Today, athletes are making more money than ever before. It's become commonplace to see sports figures in all major sports get record-breaking deals, like the Cleveland Cavalier's Kevin Love did when he completed a five-year, $110 million deal over the summer. For the mathematically challenged, that's more than $20 million a year—far more, in fact, than the average chief executive of a major corporation.
Using Forbes Magazine's recently compiled list of the highest-paid athletes in 2015 to date, CNBC has put together a list of the top five earners. While it would seem to make sense that the biggest names in the most popular U.S. sports make the most money, the list proves that this may not necessarily be the case: Big-paycheck names such as Alex Rodriguez, LeBron James and Tom Brady actually failed to make the cut. A few names on this list, ranked from lowest to highest earners, may come as a surprise to many readers.
—By Steven Hanley, special to CNBC
Posted 20 Sept. 2015
Roger Federer, the No. 2-ranked tennis player in the world right now, takes the crown as the richest tennis player of the year, and the fifth-highest paid athlete of 2015.
Federer, who made a mere $9 million from match play this year, makes the majority of his money off the court. As arguably the most-popular male tennis player in the world, Federer has been able to land endorsement deals with powerhouse companies such as Nike, Rolex, Gillette and Credit Suisse. These endorsements have netted Federer $58 million dollars this year, bringing his 2015 total to a whopping $67 million.
Lionel Messi, perhaps the most skilled soccer player ever to grace the field, comes in as the fourth-highest paid athlete of 2015 with just under $75 million. Messi also owes a lot of his wealth to endorsements from companies such as Samsung and FIFA ($22 million this year), but the majority of his earnings come from contracts with various soccer teams. In 2015, Messi made $52 million alone by playing for arguably the best club team in the world, Barcelona, as well as for the Argentine national team.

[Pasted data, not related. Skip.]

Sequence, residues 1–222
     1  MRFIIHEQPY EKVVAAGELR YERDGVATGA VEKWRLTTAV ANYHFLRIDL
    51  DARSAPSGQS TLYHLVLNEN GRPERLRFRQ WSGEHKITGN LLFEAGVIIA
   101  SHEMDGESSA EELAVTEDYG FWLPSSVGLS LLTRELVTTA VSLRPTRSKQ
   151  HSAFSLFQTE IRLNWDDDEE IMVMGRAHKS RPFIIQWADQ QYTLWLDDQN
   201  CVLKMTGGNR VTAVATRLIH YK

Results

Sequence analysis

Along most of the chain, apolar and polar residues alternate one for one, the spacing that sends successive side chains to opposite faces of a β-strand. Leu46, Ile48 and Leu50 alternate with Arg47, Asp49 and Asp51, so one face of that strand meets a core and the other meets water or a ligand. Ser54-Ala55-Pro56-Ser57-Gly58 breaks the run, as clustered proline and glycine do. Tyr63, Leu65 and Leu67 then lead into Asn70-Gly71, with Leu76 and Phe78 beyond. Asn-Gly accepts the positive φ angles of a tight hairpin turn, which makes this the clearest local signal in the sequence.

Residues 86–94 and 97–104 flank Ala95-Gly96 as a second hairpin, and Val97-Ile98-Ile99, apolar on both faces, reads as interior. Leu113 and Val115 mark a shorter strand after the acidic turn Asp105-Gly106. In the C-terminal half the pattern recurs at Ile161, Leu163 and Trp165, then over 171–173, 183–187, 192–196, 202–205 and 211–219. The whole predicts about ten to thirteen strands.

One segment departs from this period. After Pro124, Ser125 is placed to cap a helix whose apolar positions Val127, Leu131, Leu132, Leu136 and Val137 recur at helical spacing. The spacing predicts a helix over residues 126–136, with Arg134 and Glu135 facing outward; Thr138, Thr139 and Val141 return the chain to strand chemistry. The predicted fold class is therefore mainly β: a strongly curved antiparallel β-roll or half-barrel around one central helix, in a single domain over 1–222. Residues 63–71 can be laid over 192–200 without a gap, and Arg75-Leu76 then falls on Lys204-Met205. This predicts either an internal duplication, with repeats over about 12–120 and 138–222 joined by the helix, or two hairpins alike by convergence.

Despite its small (but growing) fan base in the United States, soccer is widely considered to be the most popular sport in the world. Messi, along with superstar Cristiano Ronaldo, is undoubtedly the face of soccer worldwide.
Cristiano Ronaldo, also known as CR7, is constantly juxtaposed to Messi as the best player in the world. However, he has made slightly more than his Argentinean superstar rival this year. Ronaldo, like Messi, has made $52 million from playing for both Real Madrid and the Portuguese national team, but he holds a slight edge in endorsement deals. As the world's most-followed athlete on social media platforms, Ronaldo has been able to land a large deal with Nike, as well as launch his own clothing line, CR7. These deals have earned Ronaldo $27 million this year, bringing his 2015 total earnings to nearly $80 million.
Manny "Pacman" Pacquiao, the Filipino-born boxer, ranks as the second-highest paid athlete with $160 million. That sum is double Cristiano Ronaldo's earnings on the year—but much of that was actually earned in one fell swoop. Pacquiao's 2015 earnings probably qualify him as having the world's richest hourly rate, because his one-hour May 2 battle with Floyd Mayweather earned him a staggering $120 million.
Pacquiao did not prevail against his challenger, but "The Fight of the Century" made him an awfully wealthy loser, with the help of the more than 4 million people who shattered Pay Per View records, and generated $400 million in revenue.
If the "Fight of the Century's" loser is No. 2, you'd have to assume that the victor is No. 1. Floyd "Money" Mayweather—infamous for flaunting his pile of cash—comes in as the highest-paid athlete of 2015 with an astounding $300 million. Like Pacquiao, Mayweather made the vast majority of his money from their faceoff. The 60 percent that Mayweather secured from pay-per-view buys netted him $220 million, the most money ever made by an individual in a single event.
The remaining $80 million that Floyd made this year came from two main sources: less-significant matches that netted him at least $60 million and endorsements from Burger King, FanDuel and Hublot, which totaled $15 million in revenue.